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To understand shutter speed, you first need to know what a shutter is and the function it serves in a camera. Cameras take pictures by exposing a digital sensor or film to light, while the shutter is the barrier between the sensor and light. When you snap a photo, the button on top of the camera releases the shutter and lets light hit the sensor, which turns the light into a photo.
Depending on the shutter speed, it can close within mere milliseconds, or take as long as several minutes to close. Depending on the speed, different visual effects, like blur, can be used to enhance photos or capture moments in a special way.
Shutter speed is one of three key elements that determine exposure, which means how light or dark your photos turn out. By slowing shutter speed, you let in more light and get a brighter photo, while speeding it up will make photos darker.
Shutter speed is measured in fractions of a second to seconds or even minutes. Most cameras can switch between 1/8000 (of a second) all the way up to 30 seconds. What can get a little confusing is the terminology used, such as how the speeds are abbreviated.
Most shutter speeds are fractions of a second, but in an effort to save space, most camera makers cut off the initial number and slash. For example, a 1/800 shutter speed would be shortened to 800. If the speed is longer than a second, a quote is used after the number to signify that. An 8-second speed would simply be 8”, and a 1-second speed would be 1”.
If your camera has an LCD screen on the top, the shutter speed is typically displayed there. For DSLR and mirrorless cameras, you can find the shutter speed within the viewfinder itself and the back LCD screen.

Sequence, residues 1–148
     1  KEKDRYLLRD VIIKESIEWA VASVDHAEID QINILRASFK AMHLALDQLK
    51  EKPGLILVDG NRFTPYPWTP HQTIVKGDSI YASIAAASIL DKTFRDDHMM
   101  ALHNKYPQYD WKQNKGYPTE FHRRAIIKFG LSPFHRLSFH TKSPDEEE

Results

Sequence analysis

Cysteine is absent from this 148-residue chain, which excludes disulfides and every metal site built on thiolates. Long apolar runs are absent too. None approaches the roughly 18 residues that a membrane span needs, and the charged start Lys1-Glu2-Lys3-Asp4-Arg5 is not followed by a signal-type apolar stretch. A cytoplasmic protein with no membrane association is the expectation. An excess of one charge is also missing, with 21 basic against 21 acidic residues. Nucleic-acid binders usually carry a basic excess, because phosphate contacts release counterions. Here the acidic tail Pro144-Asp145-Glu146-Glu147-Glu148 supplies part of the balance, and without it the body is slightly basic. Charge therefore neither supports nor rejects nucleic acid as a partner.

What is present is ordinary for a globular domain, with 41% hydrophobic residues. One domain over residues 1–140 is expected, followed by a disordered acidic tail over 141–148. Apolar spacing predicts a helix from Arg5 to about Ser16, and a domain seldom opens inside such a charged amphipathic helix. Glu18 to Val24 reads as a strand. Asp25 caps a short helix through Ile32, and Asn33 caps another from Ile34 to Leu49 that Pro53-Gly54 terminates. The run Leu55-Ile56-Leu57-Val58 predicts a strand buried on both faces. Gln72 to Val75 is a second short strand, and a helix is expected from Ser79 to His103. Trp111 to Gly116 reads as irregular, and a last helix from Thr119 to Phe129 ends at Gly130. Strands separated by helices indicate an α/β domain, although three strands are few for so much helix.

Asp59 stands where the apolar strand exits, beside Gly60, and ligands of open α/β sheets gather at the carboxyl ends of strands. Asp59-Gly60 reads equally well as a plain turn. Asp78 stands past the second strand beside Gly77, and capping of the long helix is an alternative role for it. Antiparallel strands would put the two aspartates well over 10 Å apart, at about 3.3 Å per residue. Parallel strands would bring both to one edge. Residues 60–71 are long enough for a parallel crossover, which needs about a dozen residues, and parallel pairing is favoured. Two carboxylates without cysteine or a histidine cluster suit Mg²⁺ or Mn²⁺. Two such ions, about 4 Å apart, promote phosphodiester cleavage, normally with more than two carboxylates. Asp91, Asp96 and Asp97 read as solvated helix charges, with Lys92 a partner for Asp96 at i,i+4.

We already talked a bit about exposure, which determines how light or dark your photos turn out as a result of shutter speed and other factors. Well, it gets a bit more complicated. During panoramic night photography, you’ll ideally want a very slow shutter speed to avoid the shot getting too dark. Similarly, a daytime picture of a desert calls for a faster shutter speed to avoid glare and oversaturation.
The other major thing shutter speed affects is how you capture motion. High shutter speeds (500 and above) effectively freeze motion. This means you can capture a flitting hummingbird or a diving eagle with extreme precision and little to no blur.
Conversely, a slow shutter speed blurs motion, which can be used to deliberately blur certain elements in a photo. For static images, a low shutter speed is preferable, while a high speed would blur the image or lose some of its detail.
Lastly, we need to talk about camera shake. Unless you’re using a tripod, we assume you’re holding your camera with your hands. With slow shutter speeds, hand shaking will become very noticeable, which is why long exposure photos are usually done with a tripod. This isn’t as important for fast speeds, which freeze motion very effectively.
Most people consider 1/10 the fastest of the slow shutter speeds, while 30 seconds or even 2 minutes are considered extremely slow. Of course, there are slower speeds, but they’re very rarely used. Let’s check out the pros and cons of slow shutter speeds so you get a better idea of their strengths and weaknesses.